You know you’ve got Los Angeles-level traffic problems in your child’s brain when he has high anxiety, is neurotically freaking out about the littlest things, and overall is just unhappy. It’s time to bring in the B-12 vitamins. Thankfully these also come in a dropper or chewables and are easy to get into even the pickiest child.
This is a new area of research for me. (And there’s so much to learn!) Until recently, I only thought of Frankincense as one of the three gifts brought to baby Jesus, and then I found out firsthand that the essential oil is quite the superhero when it comes to saving the brain. It’s the heavy hitting oil for mental clarity, dispelling brain fog and clearing up pathways for optimal thinking. I line up all of my children and apply a dilution to their big toes and the base of their skulls.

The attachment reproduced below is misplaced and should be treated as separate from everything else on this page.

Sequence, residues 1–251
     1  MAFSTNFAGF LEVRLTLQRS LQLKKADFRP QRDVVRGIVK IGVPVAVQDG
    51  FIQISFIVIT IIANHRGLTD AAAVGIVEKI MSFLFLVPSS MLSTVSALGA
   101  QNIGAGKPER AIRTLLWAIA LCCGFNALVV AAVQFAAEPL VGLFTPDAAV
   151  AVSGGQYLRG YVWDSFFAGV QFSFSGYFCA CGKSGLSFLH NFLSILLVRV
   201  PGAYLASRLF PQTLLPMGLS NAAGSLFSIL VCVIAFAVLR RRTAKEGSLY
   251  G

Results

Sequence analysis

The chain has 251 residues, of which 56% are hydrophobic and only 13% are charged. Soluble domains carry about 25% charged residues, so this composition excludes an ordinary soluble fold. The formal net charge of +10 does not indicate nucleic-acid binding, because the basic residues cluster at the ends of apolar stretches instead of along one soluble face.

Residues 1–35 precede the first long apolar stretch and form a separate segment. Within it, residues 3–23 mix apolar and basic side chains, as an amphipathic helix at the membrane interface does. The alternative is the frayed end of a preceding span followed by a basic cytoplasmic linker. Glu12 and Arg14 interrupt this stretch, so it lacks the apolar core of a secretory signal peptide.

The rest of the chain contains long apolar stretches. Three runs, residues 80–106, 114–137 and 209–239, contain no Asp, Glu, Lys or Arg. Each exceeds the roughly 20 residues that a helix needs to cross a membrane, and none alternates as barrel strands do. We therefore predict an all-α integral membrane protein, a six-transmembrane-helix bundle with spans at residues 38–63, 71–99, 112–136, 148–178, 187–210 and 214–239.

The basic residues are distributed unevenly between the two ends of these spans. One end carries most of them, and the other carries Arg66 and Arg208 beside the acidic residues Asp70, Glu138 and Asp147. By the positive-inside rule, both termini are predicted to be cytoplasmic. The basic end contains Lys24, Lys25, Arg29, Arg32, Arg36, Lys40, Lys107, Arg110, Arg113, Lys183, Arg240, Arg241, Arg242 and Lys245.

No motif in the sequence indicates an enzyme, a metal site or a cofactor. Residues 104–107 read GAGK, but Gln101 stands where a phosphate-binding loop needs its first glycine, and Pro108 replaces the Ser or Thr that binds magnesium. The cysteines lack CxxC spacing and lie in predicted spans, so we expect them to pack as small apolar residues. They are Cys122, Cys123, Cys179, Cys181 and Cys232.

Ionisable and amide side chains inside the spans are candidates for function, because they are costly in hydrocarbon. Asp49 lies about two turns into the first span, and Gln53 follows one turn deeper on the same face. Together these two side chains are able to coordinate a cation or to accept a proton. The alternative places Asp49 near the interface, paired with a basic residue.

Lavender and Chamomile are the other two essential oils in my tool box for kids. I keep the lavender oil bottle right on the kitchen counter while we do schoolwork, where I can easily rub it on frustrated temples when multiplication and division concepts just don’t make sense to little minds. I’ve also been known to liberally apply Lavender on myself because no one wants a teacher yelling about how obvious it is that two baskets with three apples in each equal six apples!
Lavender oil and chamomile oil also work great for those middle of the night woes where you can’t figure out what your child is crying about. For nightmares and unidentified ailments, I mix lavender and chamomile with coconut oil and massage their little backs and foreheads. My husband says the boys room sometimes smells like an apothecary shop when he gets up in the morning. I tell him it’s merely a warning sign that I’ll need lots of coffee that day!